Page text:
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1. Google Duplex isn’t quite the AI we believed

Google Duplex

Google Duplex, which Google calls “An AI system for accomplishing real-world tasks over the phone,” isn’t quite just that.

A New York Times article published yesterday reveals that on many occasions, Google Duplex calls are initiated by a human in a call center, or have human interventions when things go off the rails.

The details:

  • “We tested Duplex for several days, calling more than a dozen restaurants, and our tests showed a heavy reliance on humans,” writes the Times.
  • “Among our four successful bookings with Duplex, three were done by people.”
  • Not that the AI is bad: “When calls were actually placed by Google’s artificially intelligent assistant, the bot sounded very much like a real person and was even able to respond to nuanced questions.”
  • The report says the human touch was required for multiple reasons – Duplex didn’t always catch on that reservations were available before making a call, and more importantly, Google’s machine learning systems always need new data to learn and improve, and human interactions are the only way to do this.
  • Google also said it wants to take a “conservative approach” for now – not wanting to mistakenly unleash a less than perfect solution on restaurants and frustrate staff answering the calls.

Why it matters:

  • There’s genuine surprise by many people I’ve spoken to that Google has marketed Duplex as an AI system, while the actual experience relies heavily on humans.
  • Google’s original announcement in 2018 does mention human supervision, but not quite fully revealing the extent of what humans would still be doing more than a year later.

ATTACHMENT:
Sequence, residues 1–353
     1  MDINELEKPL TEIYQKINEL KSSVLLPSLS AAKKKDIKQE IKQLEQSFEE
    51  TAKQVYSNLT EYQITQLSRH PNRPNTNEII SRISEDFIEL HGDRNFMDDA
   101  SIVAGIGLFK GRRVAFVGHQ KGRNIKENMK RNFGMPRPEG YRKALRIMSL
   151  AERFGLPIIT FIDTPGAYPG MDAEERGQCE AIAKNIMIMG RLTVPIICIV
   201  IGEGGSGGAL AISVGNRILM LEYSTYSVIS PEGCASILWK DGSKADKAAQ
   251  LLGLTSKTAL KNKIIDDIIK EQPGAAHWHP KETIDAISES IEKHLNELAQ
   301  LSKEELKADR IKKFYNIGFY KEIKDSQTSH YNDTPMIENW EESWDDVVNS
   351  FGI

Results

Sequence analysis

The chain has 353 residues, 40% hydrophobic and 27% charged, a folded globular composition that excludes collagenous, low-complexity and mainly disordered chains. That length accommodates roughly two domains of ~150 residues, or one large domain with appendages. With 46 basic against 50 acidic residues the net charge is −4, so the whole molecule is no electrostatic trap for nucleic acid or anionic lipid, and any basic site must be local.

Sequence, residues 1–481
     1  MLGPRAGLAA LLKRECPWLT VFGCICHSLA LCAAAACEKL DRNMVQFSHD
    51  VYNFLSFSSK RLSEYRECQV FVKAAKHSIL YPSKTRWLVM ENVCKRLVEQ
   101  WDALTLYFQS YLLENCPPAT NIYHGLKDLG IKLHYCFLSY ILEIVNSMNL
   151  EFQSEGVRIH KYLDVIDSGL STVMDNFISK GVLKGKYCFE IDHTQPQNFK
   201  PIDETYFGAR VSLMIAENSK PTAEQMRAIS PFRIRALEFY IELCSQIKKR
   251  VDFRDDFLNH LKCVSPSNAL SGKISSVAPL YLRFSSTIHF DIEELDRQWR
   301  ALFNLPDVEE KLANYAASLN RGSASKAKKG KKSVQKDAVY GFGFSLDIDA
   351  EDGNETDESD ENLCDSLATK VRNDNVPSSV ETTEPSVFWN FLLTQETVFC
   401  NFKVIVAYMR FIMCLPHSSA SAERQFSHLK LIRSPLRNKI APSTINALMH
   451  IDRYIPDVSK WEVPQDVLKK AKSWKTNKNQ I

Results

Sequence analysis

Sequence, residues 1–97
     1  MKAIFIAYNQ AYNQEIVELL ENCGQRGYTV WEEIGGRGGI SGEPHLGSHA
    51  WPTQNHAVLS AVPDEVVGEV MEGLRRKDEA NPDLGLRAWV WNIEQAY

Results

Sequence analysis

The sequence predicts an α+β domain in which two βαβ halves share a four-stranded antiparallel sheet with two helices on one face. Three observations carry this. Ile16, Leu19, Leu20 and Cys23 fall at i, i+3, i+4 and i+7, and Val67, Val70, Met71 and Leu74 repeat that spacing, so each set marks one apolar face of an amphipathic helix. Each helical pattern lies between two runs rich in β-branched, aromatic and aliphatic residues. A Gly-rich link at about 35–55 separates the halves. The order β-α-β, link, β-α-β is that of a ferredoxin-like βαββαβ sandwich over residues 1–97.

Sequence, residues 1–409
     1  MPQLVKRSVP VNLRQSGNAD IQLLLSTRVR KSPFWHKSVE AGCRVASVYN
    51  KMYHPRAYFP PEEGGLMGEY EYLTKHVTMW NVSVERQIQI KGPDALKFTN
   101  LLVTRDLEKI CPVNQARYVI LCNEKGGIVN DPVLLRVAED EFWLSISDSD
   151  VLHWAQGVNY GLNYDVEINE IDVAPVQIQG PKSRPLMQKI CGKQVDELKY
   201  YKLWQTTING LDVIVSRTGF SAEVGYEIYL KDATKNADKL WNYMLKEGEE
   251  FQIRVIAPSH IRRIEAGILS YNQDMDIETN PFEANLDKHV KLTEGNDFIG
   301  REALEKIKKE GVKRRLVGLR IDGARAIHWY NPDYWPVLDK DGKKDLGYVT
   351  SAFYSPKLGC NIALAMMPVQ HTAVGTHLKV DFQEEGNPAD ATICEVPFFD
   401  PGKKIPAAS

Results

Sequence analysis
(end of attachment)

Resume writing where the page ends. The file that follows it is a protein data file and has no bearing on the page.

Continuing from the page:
• It’s somewhat reassuring that AI isn’t there yet, even to handle a single booking scenario.
  • It’s also somewhat disingenuous, given what’s true and what’s not – Google is still learning, Duplex isn’t all-knowing, and edge cases cause all kinds of problems.
  • Humans still do most of what “humanlike” AI needs to work, and this is another chapter. It’s not a huge surprise, but the problem is the average person probably believes the marketing hype about AI, rather than the reality.
  • Another case of technology advances in AI being oversold: Tesla’s Autopilot new automated lane change system, which Consumer Reports yesterday flatly said “create[s] potential safety risks”.
  • When it comes to something advertised as AI, the old “trust but verify rule” goes out: we can’t trust, we can’t easily verify, and being cautious about promises seems to be the only way.

2. Today’s surprise news: Amazon is working on a wearable device that reads human emotions (Bloomberg).

3. The Huawei ban isn’t just bad for Huawei and its suppliers, it’s bad for Android in general (Android Authority). Toshiba and Panasonic have also stopped shipments, as non-U.S. companies play U.S. restrictions cautiously.

4. KaiOS gets $50m in funding, hits 100m phones shipped (AA).

5. What Apple’s WWDC 2019 invite for June 3 teases about the next iOS and MacOS (CNET).

6. Razer Blade 15 Advanced review: good gaming machine, bad laptop (The Verge).

7. Here’s how the four major voice assistants respond to sexual harassment (Twitter). Siri is just the worst.

8. The future of AT&T is an ad-tracking nightmare hellworld (The Verge).

9. Mario Kart Tour has the makings of a great game, but be ready to deal with micro-transactions (AA). Again with the nickel and diming.

10. “If you could take a bath in anything you wanted, what would it be?” (r/askreddit).

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